Third Level Outreach Programmes

The active participation by highly motivated and visionary third level Outreach science and technology officers in promoting and organising computer programming courses for schools across Ireland. Lero in Limerick and DERI (now INSIGHT) in Galway have been particularly prominent in this regard. Since 2012, Lero has worked with the Irish government in producing a syllabus for a computer coding module that will be included in the revised national Junior Certificate that will be introduced in 2014/2015. Whilst Lero concentrated on teaching the teachers, DERI took their digital missionary zeal directly into the classroom with an awareness of the need to embrace schools located far from the urban technology corridors, in isolated rural areas or on remote islands.

Mentoring from Industry and Colleges

The high level of skilled mentoring that is now available from industry as well as from third level colleges in assisting schools with computer coding classes has seen a remarkable surge over the last two years. Most of the volunteers mentors involved are young enthusiastic engineers and researchers, characteristics that allow them to be viewed as positive role models by pupils and students of both primary and post primary schools. 

In Galway, the Galway Education Centre, NUI Galway, GMIT, Aviya and Hewlett Packard collaborated in rolling out coding courses to sixty one schools in Galway and Mayo during the school year 2012/2013.

Government Introduces Coding into Schools for the first time

Finally there has been a realization by the Irish government that computer programming needs to become a subject in the second-level educational curriculum in order to create a world class Knowledge Economy and Society. 

Without such digital skills being taught, there was/is a real danger that Ireland’s youth will be educationally deprived of the skills needed to survive in and to shape the 21st century.  Too many of the jobs being created in the vibrant IT sector in Ireland are being filled by people imported from overseas.  Whilst at the same time, we are witnessing 1,500 young Irish people emigrate weekly. The result was that the country was/is developing a two tiered society, one in which the indigenous population could be concentrated in the lower  strata if nothing fundamental changed in the schools system.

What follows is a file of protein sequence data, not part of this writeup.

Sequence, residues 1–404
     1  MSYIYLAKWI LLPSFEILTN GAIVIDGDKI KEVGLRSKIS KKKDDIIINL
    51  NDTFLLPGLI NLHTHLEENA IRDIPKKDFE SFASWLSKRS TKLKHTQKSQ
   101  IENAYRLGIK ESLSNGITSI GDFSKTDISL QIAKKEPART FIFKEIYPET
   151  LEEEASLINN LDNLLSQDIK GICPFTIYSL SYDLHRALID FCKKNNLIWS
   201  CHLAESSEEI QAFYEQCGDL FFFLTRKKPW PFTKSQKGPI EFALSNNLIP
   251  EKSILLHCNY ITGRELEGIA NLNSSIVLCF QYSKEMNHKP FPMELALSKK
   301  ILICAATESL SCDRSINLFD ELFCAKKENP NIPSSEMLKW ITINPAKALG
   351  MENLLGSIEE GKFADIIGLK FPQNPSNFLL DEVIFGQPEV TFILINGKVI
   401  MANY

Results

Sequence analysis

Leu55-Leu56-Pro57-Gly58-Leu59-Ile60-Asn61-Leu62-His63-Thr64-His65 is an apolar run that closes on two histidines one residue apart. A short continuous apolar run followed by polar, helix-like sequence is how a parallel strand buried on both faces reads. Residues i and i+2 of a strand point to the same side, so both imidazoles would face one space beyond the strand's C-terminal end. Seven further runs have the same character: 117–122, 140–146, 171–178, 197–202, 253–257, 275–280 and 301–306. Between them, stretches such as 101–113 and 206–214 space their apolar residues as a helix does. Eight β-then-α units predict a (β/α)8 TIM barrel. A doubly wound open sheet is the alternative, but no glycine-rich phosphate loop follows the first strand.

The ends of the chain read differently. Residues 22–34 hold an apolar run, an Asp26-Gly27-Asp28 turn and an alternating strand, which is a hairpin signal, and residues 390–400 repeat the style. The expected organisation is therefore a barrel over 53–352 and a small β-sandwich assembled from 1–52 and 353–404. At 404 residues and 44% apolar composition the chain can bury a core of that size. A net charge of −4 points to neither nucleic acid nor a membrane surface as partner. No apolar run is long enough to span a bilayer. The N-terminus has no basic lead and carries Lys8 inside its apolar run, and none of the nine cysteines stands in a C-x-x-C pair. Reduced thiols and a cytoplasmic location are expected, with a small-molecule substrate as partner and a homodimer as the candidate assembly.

Young Tech Savvy Government Ministers

Fortunately, the present state Department of Education has a number of ministers that are fully aware of this serious gap in the learning system and are doing something about it. Sean Sherlock is doing a great job as the country’s first designated Minister for Research and Innovation. Ciaran Cannon, Minister of State for Training and Skills, has become an avid champion of the Irish coding movement. In his home county of Galway, he is encouraging and working closely with partners in the educational and commercials sectors including the Galway Education Centre, leading edge corporations, COderdojos, GMIT and NUI Galway in developing Galway as a vibrant hub of digital creativity of international significance.

Galway Science and Technology Festival
Ireland’s largest festival of science and technology is held annually in Galway. The two week event ends with a fair in Galway university attended by circa 25,000 visitors that has become a showcase not only for locally based leading edge biomedical, marine, IT corporation and indigenous industries but also for schools and college projects.